Tag Archives: grandparents

Small Town Life – An Old Dog

I hear the phrase “You can’t teach an old dog new tricks” used in reference to humans alot. I just want to put it out there that we are not dogs. Humans are humans! Therefore, no matter how old we are we should be capable of learning new tricks.

My grandmother was gifted an iPad by her children (who I was amazed were using iPads themselves as they are in their 60’s and rather resistant to technology). At first she hated it. I just wasn’t working well for her. Touch screens take some getting used to and well, it’s not fun to get used to them. I, myself, was a little nervous about my first touch screen device.Can-you-teach-your-old-dog-new-tricks-on-an-Apple-iPad

However, after many months of just keeping at it (mostly because her grandson was on the computer so much), grandma got the hang of the iPad and now spends a significant amount of her time using it for the various functions it’s good for. She peruses Facebook, keeping up with her kids and grandkids and great-grandkids (no doubt reading this very post). She maintains a Netflix account and does online banking. (She also golfs almost daily.)

When she first started doing adult things like paying bills, she was writing personal checks and keeping accounts in a ledger. Now she’s using her iPad for all of that old stuff she used to do. She’s in her 80s. Now, I would never presume to call her old but I will say that she learned a new trick and I hope to stay that open minded. I want to always learn new tricks and never have it said of my that I’m an old dog.98

Small Town Life – That soon after…

Before this spring, I had never lost a close blood relative. I’ve lost a few married in aunts or uncles or great-grandparents but I had never lost a grandparent, parent, sibling or blood uncle or aunt. 10390152_10201961948915249_5587956195571053357_nThis spring, my grandfather died. And like in so many cases of long lasting love, my grandmother had a stroke not 2 months after he was in the ground – and on Mother’s Day no less. I came right away and although she was still living, she was in a vegetative state and I don’t know if she knew I was in the room or not. I talked to her, showed her the new baby, cried and then… well, what more could I do accept support my mother and uncles. If their reactions to her state and eventual death are any indication, she was a great mother. I have had 35 years to know this but their mourning was such a reminder of what a great person she was.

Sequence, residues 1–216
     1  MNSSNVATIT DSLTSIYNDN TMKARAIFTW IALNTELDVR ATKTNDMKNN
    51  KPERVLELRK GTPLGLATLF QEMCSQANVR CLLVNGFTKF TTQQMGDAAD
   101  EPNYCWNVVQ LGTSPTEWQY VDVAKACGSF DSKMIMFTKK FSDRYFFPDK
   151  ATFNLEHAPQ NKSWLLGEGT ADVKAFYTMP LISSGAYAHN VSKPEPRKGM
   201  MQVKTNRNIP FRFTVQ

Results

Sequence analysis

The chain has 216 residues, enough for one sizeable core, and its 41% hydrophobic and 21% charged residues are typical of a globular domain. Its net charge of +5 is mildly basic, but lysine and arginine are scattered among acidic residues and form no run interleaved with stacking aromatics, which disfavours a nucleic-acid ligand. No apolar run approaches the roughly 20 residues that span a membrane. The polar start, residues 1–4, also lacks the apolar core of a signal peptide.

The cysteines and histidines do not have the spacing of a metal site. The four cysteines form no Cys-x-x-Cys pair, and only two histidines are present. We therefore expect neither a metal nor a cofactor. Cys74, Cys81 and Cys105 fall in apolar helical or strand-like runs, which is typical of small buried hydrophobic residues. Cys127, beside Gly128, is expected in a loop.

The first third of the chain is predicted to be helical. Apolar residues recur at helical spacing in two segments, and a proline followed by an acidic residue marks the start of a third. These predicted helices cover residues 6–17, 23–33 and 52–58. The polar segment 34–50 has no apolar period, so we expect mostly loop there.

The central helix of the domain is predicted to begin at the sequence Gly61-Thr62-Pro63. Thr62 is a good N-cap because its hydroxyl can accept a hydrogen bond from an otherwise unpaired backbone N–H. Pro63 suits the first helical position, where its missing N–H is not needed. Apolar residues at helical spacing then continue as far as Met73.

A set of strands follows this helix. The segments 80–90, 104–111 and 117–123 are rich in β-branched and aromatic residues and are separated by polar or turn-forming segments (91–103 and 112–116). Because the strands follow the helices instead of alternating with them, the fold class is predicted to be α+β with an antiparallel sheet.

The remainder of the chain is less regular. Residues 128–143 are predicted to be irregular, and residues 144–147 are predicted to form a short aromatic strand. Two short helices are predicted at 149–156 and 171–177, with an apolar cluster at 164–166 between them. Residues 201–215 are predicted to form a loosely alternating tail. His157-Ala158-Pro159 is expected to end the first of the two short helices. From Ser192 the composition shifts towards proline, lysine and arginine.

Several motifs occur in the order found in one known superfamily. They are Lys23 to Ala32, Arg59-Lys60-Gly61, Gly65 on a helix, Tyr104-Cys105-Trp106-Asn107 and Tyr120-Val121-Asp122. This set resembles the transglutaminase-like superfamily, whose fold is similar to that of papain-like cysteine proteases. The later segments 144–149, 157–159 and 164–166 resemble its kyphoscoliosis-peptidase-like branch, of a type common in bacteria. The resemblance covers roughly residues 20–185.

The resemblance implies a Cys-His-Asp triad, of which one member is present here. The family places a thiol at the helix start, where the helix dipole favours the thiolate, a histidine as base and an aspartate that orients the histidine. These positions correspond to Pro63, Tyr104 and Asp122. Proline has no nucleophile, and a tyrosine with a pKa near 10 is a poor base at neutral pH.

Death comes unexpectedly.

375664_3680694093333_683736386_nWhen I got here to the house, I got out of the car and was overwhelmed by the smell that reminded me of my grandfather, his lawnmower and his cars that were in pristine condition.

Grandma’s laundry was still in the drier. I folded it and put in her drawers.

Her kids had each sent her a Mother’s Day flower arrangement and they were still on the counters of her kitchen. She only got to enjoy them for mere hours before she collapsed from the stroke and never again opened her eyes to see anything around her.

Dad and I were deciding what to make for dinner and found food that needed to be thrown out but he didn’t want to because “It’s Mom’s kitchen.” But Dad, she’s not coming back to clean it out. Just throw it. What will she care? We are the ones eating out of this fridge and cooking in this kitchen. But it’s so strange to think that because she was here less than 24 hours ago assuming she would be the one cooking and now, she will never come back to this food she bought.